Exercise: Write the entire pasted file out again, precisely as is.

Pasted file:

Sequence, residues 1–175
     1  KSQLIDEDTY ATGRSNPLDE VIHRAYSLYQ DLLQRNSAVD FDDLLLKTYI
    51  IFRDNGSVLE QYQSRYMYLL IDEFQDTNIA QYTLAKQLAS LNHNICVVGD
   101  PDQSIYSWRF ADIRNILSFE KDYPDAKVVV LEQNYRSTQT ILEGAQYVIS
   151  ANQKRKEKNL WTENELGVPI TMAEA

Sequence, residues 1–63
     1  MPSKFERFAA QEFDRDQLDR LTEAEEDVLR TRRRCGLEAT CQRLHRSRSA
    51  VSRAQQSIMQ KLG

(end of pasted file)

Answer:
Sequence, residues 1–175
     1  KSQLIDEDTY ATGRSNPLDE VIHRAYSLYQ DLLQRNSAVD FDDLLLKTYI
    51  IFRDNGSVLE QYQSRYMYLL IDEFQDTNIA QYTLAKQLAS LNHNICVVGD
   101  PDQSIYSWRF ADIRNILSFE KDYPDAKVVV LEQNYRSTQT ILEGAQYVIS
   151  ANQKRKEKNL WTENELGVPI TMAEA

Sequence, residues 1–63
     1  MPSKFERFAA QEFDRDQLDR LTEAEEDVLR TRRRCGLEAT CQRLHRSRSA
    51  VSRAQQSIMQ KLG